Sloths spend their lives in the trees, carrying out most of their daily tasks upside down but have you ever wondered how they manage to give birth high up in the canopy?
Sloths are solitary creatures and only meet up when its time to mate. Males leave secretions on tree branches, as special signals to let any females in the area know they are ready. Females, on the other hand, are known to start screaming at a very high pitch to advertise their presence and once a male has heard the mating cry, he will move slowly through the jungle towards her.
Despite being so closely related, the six species of sloth have different gestation periods and birthing habits. Three-toed sloths have offspring every 15 months or so, usually in the middle of the rainy season, after experiencing a six-month pregnancy. Two-toed sloths are pregnant for twice as long as their extra-toed cousins and generally give birth at the beginning of the dry season.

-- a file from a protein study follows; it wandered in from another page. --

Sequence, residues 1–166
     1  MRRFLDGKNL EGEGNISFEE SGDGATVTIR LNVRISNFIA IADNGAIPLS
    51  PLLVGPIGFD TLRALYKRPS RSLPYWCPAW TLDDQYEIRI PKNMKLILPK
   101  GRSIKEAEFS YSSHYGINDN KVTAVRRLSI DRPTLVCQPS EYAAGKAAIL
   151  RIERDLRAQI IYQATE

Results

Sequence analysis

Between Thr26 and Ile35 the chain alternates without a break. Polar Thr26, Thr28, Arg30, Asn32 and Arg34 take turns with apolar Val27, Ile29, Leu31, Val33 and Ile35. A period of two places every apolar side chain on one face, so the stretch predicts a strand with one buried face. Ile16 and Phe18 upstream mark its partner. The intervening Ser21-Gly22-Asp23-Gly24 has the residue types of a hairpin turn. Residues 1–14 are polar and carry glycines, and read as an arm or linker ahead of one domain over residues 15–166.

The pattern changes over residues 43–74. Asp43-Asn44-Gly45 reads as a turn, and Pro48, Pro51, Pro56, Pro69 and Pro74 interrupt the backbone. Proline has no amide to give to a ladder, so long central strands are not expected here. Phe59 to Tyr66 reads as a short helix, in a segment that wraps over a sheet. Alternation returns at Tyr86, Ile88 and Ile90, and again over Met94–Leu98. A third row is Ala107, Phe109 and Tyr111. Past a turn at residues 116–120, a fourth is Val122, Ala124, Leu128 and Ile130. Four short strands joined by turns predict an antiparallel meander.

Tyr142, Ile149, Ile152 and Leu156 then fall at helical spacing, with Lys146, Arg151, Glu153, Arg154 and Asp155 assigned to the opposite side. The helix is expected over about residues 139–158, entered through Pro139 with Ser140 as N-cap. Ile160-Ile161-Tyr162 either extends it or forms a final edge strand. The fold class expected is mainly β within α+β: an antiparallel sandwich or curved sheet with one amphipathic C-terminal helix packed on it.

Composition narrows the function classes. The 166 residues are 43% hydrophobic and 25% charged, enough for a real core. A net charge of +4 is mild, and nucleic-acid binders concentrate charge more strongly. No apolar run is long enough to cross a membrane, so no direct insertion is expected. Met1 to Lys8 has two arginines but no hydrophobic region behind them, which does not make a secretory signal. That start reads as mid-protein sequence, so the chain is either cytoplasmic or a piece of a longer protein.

You might think a mother sloth would head for the forest floor to protect her newborn from the risk of falling, but they actually give birth in the canopy.
Leaving the tree opens a vulnerable sloth up to predation, and baby sloths have strong instincts to cling to their mother’s fur for the first few months of their lives, even after they have been weaned. During this time they learn from their mother which vegetation is safe to eat and how to defend themselves. They are specially adapted to hold on tight and baby sloths are born with their claws to avoid a long fall to the ground.
Image from www.flickr.com/photos/stuutje